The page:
The Right Approach to Bringing the Ultra-Orthodox into the IDF

Nov. 15 2017

Since the turn of the century, the number of Ḥaredim serving in the Israeli military has steadily increased—despite the repeated failures of legislative initiatives to conscript them en masse. Yonatan Branski examines the causes and effects of the increase, suggests strategies for increasing ḥaredi enlistment, and argues military service might be not the biggest obstacle but rather the key to improving relations between Ḥaredim and Israeli society at large. Most importantly, writes Branski, the state and the IDF must continue to respect the ultra-Orthodox desire to remain a group apart:

The fundamental assumption in Israeli society, the media, and many of the state institutions is that the Ḥaredim lag behind in terms of culture and values, and that their integration into Israeli society will bring them out of their current “darkness” into the “light” of the dominant Western liberal culture. This patronizing and elitist approach, which often hides behind false civility and political correctness, endangers the crucial process of the ḥaredi sector’s inclusion in the IDF, in Israeli society, and eventually, the country’s leadership. . . .

Throughout Israel’s history, military service has functioned as a social and cultural melting pot, primarily because serving together provides a deep common denominator that connects people of different backgrounds. . . . [But the] idea that the IDF should be a “melting pot” is one of the [main] reasons that the Haredim are opposed to military service. They are completely unwilling to assimilate into Israeli society and fear the inevitable cultural impact of living together in close quarters.

While so far the solution to this problem has been to create special units for Ḥaredim, participation in these units, while by no means encouraging assimilation, has nonetheless led recruits to develop an enhanced sense of citizenship and facilitated their economic integration. An example:

In their first months of service, ḥaredi soldiers in Battalion 97 are much less willing to participate in noncommissioned-officer courses or [regular] officer courses, which require extending their service, than are soldiers in the same battalion who come from the Religious Zionist sector.

The ḥaredi soldiers are [at first] focused on their own self-interest and are unwilling to make the personal sacrifice required by such courses. . . . [But], as time goes on, many of the ḥaredi soldiers change their perspective as they acquire a better understanding of the importance of making use of their abilities to contribute their share in the most fitting manner.

As the number of ḥaredi NCOs and officers who speak this ethical language increases, they will convey it to more and more of the ḥaredi soldiers under their command. From the earliest stages of the project to get Ḥaredim to serve in the IDF, it was clear that one of the most important keys to its success would be the cultivation of a cadre of outstanding ḥaredi NCOs and junior officers. This is a lengthy process, but the trend is gaining strength from year to year.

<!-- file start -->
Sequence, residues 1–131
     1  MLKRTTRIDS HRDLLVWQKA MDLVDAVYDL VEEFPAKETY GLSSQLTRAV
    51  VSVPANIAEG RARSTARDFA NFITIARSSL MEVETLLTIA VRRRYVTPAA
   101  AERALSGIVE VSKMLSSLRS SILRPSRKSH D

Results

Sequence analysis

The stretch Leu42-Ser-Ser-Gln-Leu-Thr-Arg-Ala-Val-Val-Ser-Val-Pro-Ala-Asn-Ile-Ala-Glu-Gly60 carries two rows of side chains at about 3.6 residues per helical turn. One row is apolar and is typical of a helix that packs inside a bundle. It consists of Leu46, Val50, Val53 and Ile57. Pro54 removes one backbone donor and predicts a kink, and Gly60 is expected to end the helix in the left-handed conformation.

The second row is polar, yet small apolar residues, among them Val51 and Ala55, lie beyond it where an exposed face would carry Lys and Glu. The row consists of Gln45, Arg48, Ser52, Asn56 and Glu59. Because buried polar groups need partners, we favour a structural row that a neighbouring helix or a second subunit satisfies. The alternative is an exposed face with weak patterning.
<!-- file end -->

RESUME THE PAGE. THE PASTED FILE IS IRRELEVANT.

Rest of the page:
Read more at Jerusalem Institute for Strategic Studies

More about: IDF, Israel & Zionism, Israeli society, Ultra-Orthodox


In Pursuing Peace with Saudi Arabia, Israel Must Demand Reciprocity and Keep the Palestinian Question off the Table

Nov. 22 2017

The recent, unprecedented interview given by the IDF chief of staff to a major Arabic news outlet has fed the growing enthusiasm in Israel about the prospects of a peace treaty and mutual recognition between Jerusalem and Riyadh. Mordechai Kedar urges level heads and caution, and puts forward ten principles that should guide any negotiations. Most importantly, he argues that the two countries normalize relations before coming to any agreements about the Palestinians. To this he adds:

The most basic rule in dealing with the Saudis and their friends is that Israel must not feel that it has to pay anything for peace. . . . If the Saudis want to live in peace with us, we will stretch out our hands to offer them peace in return. But that is all they will get. Israel [has] been a state for 70 years without peace with Saudi Arabia and can continue being a state for another 7,000 years without it. Any desire for a quick peace (as expressed in the disastrous slogan “Peace Now”) will raise the price of that peace. . . .

[As part of any agreement], Israel will recognize the House of Saud’s rule in Mecca and Medina—even though the family does not originate from the Hejaz [where the holy cities are located] but from the Najd highland—in exchange for Saudi recognition of Israel’s right to Jerusalem as its historic and eternal capital city. Israel will recognize Saudi Arabia as an Islamic state in exchange for Saudi recognition of Israel as the Jewish state or a state belonging to the Jewish people. . . .

Israel will not allow incitement against Saudi Arabia in its media. In return, the Saudis will not allow anti-Israel incitement in Saudi media. . . .

It is important to keep the Americans and Europeans away from the negotiating table, since they will not be party to the agreement and will not have to suffer the results of its not being honored—and since their interests are not necessarily those of Israel, especially when it comes to the speed at which the negotiations move forward. The Americans want to cut a deal, even a bad deal, and if they are allowed into the negotiation rooms, they will pressure Israel to give in, mainly on the Palestinian issue.

Read more at Israel National News

More about: Israel & Zionism, Israel diplomacy, Israel-Arab relations, Saudi Arabia